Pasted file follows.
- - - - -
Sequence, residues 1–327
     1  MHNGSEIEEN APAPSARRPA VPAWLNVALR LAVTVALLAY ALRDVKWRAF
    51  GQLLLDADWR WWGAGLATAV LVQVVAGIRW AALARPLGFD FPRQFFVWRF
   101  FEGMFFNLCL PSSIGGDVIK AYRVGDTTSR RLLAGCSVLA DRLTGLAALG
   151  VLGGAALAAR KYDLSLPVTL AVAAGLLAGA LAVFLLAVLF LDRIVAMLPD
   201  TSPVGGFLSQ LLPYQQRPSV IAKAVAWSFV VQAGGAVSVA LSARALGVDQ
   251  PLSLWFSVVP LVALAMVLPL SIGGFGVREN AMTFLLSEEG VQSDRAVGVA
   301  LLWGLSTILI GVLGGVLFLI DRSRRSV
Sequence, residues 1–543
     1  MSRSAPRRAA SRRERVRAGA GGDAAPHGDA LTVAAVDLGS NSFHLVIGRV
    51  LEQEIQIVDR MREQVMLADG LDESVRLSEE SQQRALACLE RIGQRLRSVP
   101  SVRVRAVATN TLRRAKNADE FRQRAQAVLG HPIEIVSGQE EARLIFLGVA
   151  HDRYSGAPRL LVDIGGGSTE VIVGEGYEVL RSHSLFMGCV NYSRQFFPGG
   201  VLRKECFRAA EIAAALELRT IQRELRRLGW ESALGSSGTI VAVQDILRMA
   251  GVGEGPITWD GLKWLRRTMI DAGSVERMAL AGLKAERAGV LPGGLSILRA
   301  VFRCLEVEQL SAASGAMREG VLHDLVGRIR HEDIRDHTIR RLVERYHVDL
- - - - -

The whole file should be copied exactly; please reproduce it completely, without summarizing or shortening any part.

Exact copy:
Sequence, residues 1–327
     1  MHNGSEIEEN APAPSARRPA VPAWLNVALR LAVTVALLAY ALRDVKWRAF
    51  GQLLLDADWR WWGAGLATAV LVQVVAGIRW AALARPLGFD FPRQFFVWRF
   101  FEGMFFNLCL PSSIGGDVIK AYRVGDTTSR RLLAGCSVLA DRLTGLAALG
   151  VLGGAALAAR KYDLSLPVTL AVAAGLLAGA LAVFLLAVLF LDRIVAMLPD
   201  TSPVGGFLSQ LLPYQQRPSV IAKAVAWSFV VQAGGAVSVA LSARALGVDQ
   251  PLSLWFSVVP LVALAMVLPL SIGGFGVREN AMTFLLSEEG VQSDRAVGVA
   301  LLWGLSTILI GVLGGVLFLI DRSRRSV
Sequence, residues 1–543
     1  MSRSAPRRAA SRRERVRAGA GGDAAPHGDA LTVAAVDLGS NSFHLVIGRV
    51  LEQEIQIVDR MREQVMLADG LDESVRLSEE SQQRALACLE RIGQRLRSVP
   101  SVRVRAVATN TLRRAKNADE FRQRAQAVLG HPIEIVSGQE EARLIFLGVA
   151  HDRYSGAPRL LVDIGGGSTE VIVGEGYEVL RSHSLFMGCV NYSRQFFPGG
   201  VLRKECFRAA EIAAALELRT IQRELRRLGW ESALGSSGTI VAVQDILRMA
   251  GVGEGPITWD GLKWLRRTMI DAGSVERMAL AGLKAERAGV LPGGLSILRA
   301  VFRCLEVEQL SAASGAMREG VLHDLVGRIR HEDIRDHTIR RLVERYHVDL